Back to Expensive Cars and the Cheap T-Shirts
I bought an Audi TT as soon as I had a real job. I bought it used when I could have had a brand new Honda Civic for the same price. The value in that car (it was a hoot! it will get you picked up for criminal speeding in Arizona) made the mix of buying used but paying a little more worth it.
More recently Steve and I sold both of our cars (see ya later, TT) and bought a Range Rover to share. I love that car, yes, again, could have had a brand new Jeep Cherroke or similar for the price of our used RR. The value in that “expensive” car is tremendous. The heated steering wheel, being able to go *anywhere* we want, with our friends comfortably nestled in the back (see picture), the way it handles, the little extras. It’s the difference between having a car that works and having an EXPERIENCE I LOVE every time I get in. Every time. I’m thrilled. THRILLED.
(taken last weekend outside of Moab)
Target used to have amazingly great clothes for cheap — this is “cheap” as in good. I still have an Isaac Mizrathi for Target velvet jacket that goes everywhere, I still have t-shirts I bought six years ago. Lately though, all they have is “cheap” as in “this is cheap crap”—t-shirts that go through the wash once, lose all the sizing and end up wide in the body and short in the torso and paper thin. Listen to me: the more we support “cheap” the more “cheap” we’re going to get until our consumer/throw away society is straight up Idiocracy. Watch it.
Start thinking about how you use “cheap” and “expensive”. Do you mean cheap as an asset? Is it really? Is expensive an offensive word, is higher cost a negative? And FTLOG don’t say it to someone who has something you want—figure out what other words need to be applied in the situation, can you not afford it? Do you not think you’ll get the promised result? Does the price not align with the value you place on it? These questions lead to discussion and negotiation. Telling someone they are too expensive and you can get it for cheaper sounds like “F You” to those of us that do great work for a living.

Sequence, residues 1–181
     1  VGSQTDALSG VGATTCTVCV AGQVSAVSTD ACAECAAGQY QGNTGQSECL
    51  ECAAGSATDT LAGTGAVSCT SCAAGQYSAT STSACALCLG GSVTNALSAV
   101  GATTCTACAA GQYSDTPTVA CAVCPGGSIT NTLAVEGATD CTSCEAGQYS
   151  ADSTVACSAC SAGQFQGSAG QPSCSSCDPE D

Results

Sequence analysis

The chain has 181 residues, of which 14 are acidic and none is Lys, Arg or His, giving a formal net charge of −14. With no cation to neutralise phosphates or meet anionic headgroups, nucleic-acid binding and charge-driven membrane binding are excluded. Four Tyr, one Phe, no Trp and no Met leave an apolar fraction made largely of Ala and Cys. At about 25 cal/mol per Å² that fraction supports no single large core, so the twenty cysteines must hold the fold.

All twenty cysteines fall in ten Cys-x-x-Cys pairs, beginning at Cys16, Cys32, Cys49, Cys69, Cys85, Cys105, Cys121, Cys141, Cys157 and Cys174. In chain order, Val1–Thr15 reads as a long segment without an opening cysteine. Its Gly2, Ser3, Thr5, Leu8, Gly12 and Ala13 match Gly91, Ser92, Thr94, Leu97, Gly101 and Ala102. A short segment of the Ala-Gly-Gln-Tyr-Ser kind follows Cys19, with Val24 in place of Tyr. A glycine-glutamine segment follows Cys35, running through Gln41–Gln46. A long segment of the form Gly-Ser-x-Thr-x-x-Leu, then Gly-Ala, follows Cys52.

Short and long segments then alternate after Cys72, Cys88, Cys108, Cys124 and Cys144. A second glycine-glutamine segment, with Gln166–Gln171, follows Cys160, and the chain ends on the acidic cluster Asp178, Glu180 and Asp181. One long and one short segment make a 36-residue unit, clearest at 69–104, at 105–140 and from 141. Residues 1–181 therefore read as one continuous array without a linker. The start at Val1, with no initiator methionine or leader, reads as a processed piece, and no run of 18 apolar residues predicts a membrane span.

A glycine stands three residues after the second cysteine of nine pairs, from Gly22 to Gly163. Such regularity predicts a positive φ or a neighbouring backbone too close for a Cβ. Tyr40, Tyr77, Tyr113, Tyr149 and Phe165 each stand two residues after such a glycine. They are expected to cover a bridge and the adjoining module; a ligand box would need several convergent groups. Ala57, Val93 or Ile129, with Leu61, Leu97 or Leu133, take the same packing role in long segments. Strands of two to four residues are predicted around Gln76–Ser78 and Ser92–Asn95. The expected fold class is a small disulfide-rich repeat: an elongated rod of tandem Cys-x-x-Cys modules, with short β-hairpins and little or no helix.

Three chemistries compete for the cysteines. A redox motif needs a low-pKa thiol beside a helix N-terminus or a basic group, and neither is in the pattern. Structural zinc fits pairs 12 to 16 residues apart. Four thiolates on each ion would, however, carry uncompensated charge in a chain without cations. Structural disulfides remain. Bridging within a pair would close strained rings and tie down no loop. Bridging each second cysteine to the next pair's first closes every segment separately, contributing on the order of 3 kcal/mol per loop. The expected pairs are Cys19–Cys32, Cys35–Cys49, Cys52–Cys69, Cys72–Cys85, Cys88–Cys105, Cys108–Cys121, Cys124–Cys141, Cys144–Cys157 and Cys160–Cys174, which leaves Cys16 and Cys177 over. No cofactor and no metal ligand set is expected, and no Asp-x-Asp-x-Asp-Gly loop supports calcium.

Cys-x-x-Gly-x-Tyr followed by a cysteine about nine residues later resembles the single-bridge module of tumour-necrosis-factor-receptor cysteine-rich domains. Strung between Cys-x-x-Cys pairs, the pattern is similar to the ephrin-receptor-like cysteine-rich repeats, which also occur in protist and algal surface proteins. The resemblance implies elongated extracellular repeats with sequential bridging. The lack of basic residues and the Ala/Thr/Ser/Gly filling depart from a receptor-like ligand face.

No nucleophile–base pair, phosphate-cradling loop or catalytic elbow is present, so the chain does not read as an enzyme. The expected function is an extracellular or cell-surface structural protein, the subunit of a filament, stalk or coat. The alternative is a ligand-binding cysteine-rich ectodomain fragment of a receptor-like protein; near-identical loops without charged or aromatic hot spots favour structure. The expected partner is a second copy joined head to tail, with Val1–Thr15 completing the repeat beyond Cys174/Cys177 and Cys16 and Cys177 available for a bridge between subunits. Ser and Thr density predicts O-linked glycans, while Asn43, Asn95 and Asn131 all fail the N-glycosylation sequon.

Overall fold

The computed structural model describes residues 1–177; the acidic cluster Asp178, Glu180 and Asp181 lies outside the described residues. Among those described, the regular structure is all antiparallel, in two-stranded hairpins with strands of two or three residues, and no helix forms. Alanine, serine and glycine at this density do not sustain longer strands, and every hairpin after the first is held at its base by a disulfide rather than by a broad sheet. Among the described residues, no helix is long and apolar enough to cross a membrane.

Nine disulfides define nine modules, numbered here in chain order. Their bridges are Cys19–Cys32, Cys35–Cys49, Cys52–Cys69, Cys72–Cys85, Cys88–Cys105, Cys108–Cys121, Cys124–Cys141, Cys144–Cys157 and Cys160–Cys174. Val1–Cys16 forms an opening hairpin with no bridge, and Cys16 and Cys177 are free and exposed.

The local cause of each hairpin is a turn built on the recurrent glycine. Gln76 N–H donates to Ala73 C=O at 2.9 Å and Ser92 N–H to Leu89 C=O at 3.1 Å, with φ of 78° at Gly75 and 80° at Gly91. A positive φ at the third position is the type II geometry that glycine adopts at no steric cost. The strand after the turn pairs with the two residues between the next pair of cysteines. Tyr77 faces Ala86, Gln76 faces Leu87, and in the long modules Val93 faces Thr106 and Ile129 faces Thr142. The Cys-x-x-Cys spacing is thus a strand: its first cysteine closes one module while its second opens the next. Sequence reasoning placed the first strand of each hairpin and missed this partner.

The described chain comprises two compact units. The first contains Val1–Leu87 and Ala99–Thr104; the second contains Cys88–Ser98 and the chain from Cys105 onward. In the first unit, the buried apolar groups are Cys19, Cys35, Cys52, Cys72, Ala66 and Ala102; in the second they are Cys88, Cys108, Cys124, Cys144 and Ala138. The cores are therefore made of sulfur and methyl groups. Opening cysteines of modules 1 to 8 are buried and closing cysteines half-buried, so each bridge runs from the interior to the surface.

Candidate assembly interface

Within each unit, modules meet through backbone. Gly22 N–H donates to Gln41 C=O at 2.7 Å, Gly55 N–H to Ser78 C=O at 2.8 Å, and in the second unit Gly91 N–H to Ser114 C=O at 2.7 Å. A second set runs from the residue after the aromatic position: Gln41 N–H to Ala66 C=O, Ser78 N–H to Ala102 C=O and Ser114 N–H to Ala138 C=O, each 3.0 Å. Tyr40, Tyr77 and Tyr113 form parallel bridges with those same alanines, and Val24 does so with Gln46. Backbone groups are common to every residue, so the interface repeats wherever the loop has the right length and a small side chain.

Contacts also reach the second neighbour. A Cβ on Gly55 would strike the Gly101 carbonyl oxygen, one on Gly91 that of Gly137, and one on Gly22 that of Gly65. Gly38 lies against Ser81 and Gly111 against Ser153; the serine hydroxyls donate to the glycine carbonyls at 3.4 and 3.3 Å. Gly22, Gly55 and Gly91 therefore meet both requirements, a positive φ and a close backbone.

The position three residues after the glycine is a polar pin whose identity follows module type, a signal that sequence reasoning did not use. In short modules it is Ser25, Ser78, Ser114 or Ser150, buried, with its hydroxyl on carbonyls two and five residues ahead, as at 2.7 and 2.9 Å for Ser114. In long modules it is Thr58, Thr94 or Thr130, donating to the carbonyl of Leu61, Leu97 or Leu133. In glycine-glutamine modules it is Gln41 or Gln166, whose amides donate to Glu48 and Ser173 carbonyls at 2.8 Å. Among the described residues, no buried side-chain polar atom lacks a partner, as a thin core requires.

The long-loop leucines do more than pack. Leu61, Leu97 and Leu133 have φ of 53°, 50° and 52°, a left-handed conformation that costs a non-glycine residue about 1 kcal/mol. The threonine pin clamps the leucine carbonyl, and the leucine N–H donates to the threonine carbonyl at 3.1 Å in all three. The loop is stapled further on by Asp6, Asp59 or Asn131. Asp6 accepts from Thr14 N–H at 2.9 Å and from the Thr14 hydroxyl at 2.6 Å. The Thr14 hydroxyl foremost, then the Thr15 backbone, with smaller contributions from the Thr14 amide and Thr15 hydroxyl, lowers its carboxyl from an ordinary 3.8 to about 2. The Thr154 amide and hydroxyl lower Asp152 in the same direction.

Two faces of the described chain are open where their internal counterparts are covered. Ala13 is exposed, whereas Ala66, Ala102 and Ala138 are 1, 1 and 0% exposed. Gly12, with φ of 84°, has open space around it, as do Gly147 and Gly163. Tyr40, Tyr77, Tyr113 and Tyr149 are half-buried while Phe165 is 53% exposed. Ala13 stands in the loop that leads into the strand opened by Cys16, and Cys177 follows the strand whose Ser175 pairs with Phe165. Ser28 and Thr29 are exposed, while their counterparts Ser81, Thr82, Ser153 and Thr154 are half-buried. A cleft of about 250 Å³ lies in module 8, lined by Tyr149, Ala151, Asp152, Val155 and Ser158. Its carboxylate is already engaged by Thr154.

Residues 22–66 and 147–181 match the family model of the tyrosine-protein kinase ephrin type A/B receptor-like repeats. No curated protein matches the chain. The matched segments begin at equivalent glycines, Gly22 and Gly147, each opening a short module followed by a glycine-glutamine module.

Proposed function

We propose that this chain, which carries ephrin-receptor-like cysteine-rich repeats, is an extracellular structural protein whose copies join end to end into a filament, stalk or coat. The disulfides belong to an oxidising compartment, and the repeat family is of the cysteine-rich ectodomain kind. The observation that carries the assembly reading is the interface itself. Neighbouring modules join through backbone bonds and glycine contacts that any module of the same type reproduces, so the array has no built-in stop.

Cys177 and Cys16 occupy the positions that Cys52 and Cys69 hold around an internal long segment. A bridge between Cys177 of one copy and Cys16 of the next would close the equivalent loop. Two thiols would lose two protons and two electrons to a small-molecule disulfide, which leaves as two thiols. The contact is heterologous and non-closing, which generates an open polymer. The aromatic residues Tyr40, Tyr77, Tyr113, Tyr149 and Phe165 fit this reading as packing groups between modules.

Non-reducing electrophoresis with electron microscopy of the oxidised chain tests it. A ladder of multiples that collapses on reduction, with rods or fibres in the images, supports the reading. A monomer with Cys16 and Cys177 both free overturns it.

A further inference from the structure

Are there other words that push your buttons? If you steer away from cheap/expensive what words do you try to use?
Sometimes you need a good, swift kick in the pants. I sure did. We were refocusing, we were finally at the point where we’ve done enough work that we could afford to (and had to) say NO to some opportunities.
But I wanted to say no to everything—I wanted to finally. finish. some. of. these. projects.
We went to Shatner’s World, sat right up front and listened to William Shatner—who is 82 and phenomenally entertaining—tell us about how his career went as far and wide because he said YES. No matter what came up, how crazy it was from Star Trek to singing to horse racing he said, “I can do that!”
You have to be discerning, but it’s so much more fun to say I can do that! and see where it goes than to say NO.
The other day one of our clients called and wanted to discuss a new strategy to sell more product. In the end the best we could do for her is to put up a simple order taking form. It met some of the criteria for what she wanted—but wouldn’t really move the needle forward because we don’t do ecommerce or marketing at Sawaya Consulting. Sure, we can implement the tech solution and design it to look great, we can even have some ideas along the way, but it’s not our thing.
In the meantime she found someone who can tie together the ecommerce and marketing and do a good job. She called us and told us she loves to work with us, but is going to use this other firm (that’s the right way to treat your agency, more on that another time). We thanked her for letting us know and worked with the other firm to get them the access they would need.
You see, there is a lot of benefit to working with people that are doing what they do.
(Yes, it’s still a trike, but it could probably be better if someone knew what they were doing.)
When you come to us for a website we immediately know a list of pages you will want, we are up to date on the latest technology and techniques, we have a handful of concepts stuffed in our brains waiting to come to life and we can do the little fiddly bits in our sleep.
There is a good chance your logo designer won’t be the best web designer, your web designer won’t be the best marketer, and your marketer isn’t a chef. Being loyal and working with the same team can produce great results across the board, but sometimes when your team overstreches they end up worn out and you end up paying high dollar amounts for the fiddly bits. This is one of the things we are considering as we refocus.
As an agency we are just as clear about what we DO and what we DON’T do.
- Yes, we make mobile apps, but no we don’t make games, social apps or mcommerce.
- Yes, we make websites, but not ecommerce, Flash based sites or do search engine marketing.
- Yes, we make corporate tools, but we do that on PHP, not C# or ASP.
For all that we do, there are a dozen things we don’t. We are strictly a business-to-business, information management design and development shop.